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Drugs and Lactation Database (LactMed) [Internet]. Bethesda (MD): National Library of Medicine (US); 2006-.

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Drugs and Lactation Database (LactMed) [Internet].

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Epinephrine

Last Revision: July 20, 2020.

Estimated reading time: 2 minutes

CASRN: 51-43-4

image 134972433 in the ncbi pubchem database

Drug Levels and Effects

Summary of Use during Lactation

No information is available on the use of epinephrine during breastfeeding. Because of its poor oral bioavailability and short half-life, any epinephrine in milk is unlikely to affect the infant. High intravenous doses of epinephrine might reduce milk production or milk letdown. Low-dose intramuscular (such as Epi-Pen), epidural, topical, inhaled or ophthalmic epinephrine are unlikely to interfere with breastfeeding. To substantially diminish the effect of the drug after using eye drops, place pressure over the tear duct by the corner of the eye for 1 minute or more, then remove the excess solution with an absorbent tissue. Epinephrine is the first line-medication of choice for treatment of anaphylaxis; it should be used in the same manner in breastfeeding and non-breastfeeding patients.

Drug Levels

Maternal Levels. Relevant published information was not found as of the revision date.

Infant Levels. Relevant published information was not found as of the revision date.

Effects in Breastfed Infants

Relevant published information was not found as of the revision date.

Effects on Lactation and Breastmilk

Relevant published information in nursing mothers was not found as of the revision date. Intravenous epinephrine infusion in nonnursing subjects and in women with hyperprolactinemia decreases serum prolactin concentrations.[1] Animal data indicate that intraarterial epinephrine can decrease serum oxytocin and inhibit milk ejection.[2,3] However, low-dose infusion of epinephrine as part of epidural analgesia does not impair breastfeeding in nursing mothers.[4,5] The prolactin level in a mother with established lactation may not affect her ability to breastfeed.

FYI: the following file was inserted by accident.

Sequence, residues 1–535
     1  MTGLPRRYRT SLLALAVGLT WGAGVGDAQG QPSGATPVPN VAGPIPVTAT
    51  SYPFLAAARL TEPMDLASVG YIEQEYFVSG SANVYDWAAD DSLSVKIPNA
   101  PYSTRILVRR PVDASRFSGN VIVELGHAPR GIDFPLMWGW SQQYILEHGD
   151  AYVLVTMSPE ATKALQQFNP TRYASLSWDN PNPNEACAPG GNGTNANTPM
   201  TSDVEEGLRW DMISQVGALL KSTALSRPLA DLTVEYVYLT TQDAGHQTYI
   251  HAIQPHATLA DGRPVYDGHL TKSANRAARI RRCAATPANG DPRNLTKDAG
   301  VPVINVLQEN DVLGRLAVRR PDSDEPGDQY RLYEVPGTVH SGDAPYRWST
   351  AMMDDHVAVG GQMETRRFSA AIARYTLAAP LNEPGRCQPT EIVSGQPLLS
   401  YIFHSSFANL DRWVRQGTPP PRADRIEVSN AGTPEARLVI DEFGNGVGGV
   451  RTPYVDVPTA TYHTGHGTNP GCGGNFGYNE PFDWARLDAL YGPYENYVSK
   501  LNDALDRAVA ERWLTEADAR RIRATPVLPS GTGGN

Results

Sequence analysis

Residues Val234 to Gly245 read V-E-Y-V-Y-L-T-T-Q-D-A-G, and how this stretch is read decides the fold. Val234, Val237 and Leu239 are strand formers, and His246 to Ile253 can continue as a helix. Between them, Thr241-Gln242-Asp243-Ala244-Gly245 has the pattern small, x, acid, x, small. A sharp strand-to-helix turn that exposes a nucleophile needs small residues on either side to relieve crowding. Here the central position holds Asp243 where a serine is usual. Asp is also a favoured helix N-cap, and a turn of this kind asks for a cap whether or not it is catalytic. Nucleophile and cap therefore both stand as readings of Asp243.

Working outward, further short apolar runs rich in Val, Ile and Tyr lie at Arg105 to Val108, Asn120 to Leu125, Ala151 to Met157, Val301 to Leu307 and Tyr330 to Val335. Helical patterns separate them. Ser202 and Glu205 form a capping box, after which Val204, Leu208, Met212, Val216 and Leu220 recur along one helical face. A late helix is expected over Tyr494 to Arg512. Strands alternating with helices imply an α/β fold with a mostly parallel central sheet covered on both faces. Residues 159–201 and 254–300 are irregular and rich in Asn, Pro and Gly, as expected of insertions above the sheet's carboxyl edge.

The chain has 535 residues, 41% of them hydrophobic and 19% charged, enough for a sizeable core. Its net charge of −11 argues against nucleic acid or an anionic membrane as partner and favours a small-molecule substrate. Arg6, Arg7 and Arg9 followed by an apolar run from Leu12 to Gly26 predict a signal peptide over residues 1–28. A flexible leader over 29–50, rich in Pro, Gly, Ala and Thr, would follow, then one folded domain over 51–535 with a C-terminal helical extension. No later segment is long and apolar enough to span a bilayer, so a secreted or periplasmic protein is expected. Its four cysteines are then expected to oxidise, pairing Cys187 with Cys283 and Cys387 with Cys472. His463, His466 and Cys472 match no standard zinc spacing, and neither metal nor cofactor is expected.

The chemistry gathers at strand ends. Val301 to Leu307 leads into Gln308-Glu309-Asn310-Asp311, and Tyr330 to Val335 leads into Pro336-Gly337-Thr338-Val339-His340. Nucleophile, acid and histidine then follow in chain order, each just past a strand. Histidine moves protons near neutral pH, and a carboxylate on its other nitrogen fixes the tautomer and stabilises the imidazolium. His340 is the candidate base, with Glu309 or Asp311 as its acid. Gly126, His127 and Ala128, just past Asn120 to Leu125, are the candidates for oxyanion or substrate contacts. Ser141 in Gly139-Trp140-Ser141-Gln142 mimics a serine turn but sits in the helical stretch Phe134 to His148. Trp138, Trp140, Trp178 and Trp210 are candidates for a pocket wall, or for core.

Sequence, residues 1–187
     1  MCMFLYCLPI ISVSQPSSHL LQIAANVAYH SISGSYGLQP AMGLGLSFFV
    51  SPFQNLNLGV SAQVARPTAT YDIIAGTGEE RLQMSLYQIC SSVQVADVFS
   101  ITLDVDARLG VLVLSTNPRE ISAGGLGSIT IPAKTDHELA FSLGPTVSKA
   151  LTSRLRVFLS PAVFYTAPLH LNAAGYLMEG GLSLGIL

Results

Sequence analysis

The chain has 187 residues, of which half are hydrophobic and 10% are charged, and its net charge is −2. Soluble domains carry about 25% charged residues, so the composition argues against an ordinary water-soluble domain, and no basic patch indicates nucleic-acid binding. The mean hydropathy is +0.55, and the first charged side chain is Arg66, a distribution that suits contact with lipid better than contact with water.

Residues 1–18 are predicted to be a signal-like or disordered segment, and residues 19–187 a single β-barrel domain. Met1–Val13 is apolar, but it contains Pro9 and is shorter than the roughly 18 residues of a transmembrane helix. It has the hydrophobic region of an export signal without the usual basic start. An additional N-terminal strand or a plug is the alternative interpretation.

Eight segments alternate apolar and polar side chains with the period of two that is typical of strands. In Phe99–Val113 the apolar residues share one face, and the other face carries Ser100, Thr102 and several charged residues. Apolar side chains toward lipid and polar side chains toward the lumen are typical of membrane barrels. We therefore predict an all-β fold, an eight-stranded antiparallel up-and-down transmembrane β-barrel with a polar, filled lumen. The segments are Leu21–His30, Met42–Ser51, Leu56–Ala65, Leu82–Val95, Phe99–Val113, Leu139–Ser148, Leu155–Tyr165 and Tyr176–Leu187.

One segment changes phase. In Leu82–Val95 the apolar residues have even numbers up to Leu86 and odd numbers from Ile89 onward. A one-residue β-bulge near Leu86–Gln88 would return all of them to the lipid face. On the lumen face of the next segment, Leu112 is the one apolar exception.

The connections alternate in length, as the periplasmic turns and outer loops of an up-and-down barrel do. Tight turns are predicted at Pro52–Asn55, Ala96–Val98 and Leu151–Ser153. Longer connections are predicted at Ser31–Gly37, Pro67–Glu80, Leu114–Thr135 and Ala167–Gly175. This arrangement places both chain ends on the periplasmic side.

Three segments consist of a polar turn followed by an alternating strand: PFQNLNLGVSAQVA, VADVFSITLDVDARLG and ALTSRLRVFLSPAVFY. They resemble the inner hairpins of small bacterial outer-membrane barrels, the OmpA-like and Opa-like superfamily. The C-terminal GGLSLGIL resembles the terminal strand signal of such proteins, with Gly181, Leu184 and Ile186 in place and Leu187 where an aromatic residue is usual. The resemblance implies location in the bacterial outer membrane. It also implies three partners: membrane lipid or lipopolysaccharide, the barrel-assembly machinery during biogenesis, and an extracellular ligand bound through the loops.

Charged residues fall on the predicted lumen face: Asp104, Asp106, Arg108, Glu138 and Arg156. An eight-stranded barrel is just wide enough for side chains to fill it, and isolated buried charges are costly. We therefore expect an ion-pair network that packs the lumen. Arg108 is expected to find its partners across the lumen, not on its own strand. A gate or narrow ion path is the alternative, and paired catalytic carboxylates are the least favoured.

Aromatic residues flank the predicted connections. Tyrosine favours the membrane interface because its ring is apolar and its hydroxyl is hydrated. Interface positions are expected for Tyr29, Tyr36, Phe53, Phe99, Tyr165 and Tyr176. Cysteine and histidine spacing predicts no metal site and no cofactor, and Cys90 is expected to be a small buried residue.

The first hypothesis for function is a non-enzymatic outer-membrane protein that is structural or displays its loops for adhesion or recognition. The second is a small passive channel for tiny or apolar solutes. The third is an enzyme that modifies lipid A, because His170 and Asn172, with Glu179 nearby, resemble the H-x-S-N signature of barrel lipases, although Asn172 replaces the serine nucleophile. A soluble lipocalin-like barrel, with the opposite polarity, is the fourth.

An Egyptian study compared lidocaine 2% (n = 75) to lidocaine 2% plus epinephrine 1:200,000 (n = 70) as a wound infiltration following cesarean section. Patients who received epinephrine in combination with lidocaine began breastfeeding at 89 minutes following surgery compared to 132 minutes for those receiving lidocaine alone. The difference was statistically significant.[6]

References

1.
Nicoletti I, Filipponi P, Sfrappini M, et al. Catecholamines and pituitary function. I. Effects of catecholamine synthesis inhibition and subsequent catecholamine infusion on gonadotropin and prolactin serum levels in normal cycling women and in women with hyperprolactinemic amenorrhea. Horm Res. 1984;19:158–70. [PubMed: 6425187]
2.
Gorewit RC, Aromando MC. Mechanisms involved in the adrenalin-induced blockade of milk ejection in dairy cattle. Proc Soc Exp Biol Med. 1985;180:340–7. [PubMed: 4048172]
3.
Song SL, Crowley WR, Grosvenor CE. Evidence for involvement of an adrenal catecholamine in the beta-adrenergic inhibition of oxytocin release in lactating rats. Brain Res. 1988;457:303–9. [PubMed: 2851365]
4.
Chang ZM, Heaman MI. Epidural analgesia during labor and delivery: Effects on the initiation and continuation of effective breastfeeding. J Hum Lact. 2005;21:305–14. [PubMed: 16113019]
5.
Radzyminski S. The effect of ultra low dose epidural analgesia on newborn breastfeeding behaviors. J Obstet Gynecol Neonatal Nurs. 2003;32:322–31. [PubMed: 12774874]
6.
Tharwat AA, Yehia AH, Wahba KA, et al. Efficacy and safety of post-cesarean section incisional infiltration with lidocaine and epinephrine versus lidocaine alone in reducing postoperative pain: A randomized controlled double-blinded clinical trial. J Turk Ger Gynecol Assoc. 2016;17:1–5. [PMC free article: PMC4794285] [PubMed: 27026771]

Substance Identification

Substance Name

Epinephrine

CAS Registry Number

51-43-4

Drug Class

Breast Feeding

Lactation

Adrenergic Agonists

Adrenergic alpha-Agonists

Adrenergic beta-Agonists

Antiglaucoma Agents

Bronchodilator Agents

Catecholamines

Mydriatics

Sympathomimetics

Vasoconstrictor Agents

Disclaimer: Information presented in this database is not meant as a substitute for professional judgment. You should consult your healthcare provider for breastfeeding advice related to your particular situation. The U.S. government does not warrant or assume any liability or responsibility for the accuracy or completeness of the information on this Site.

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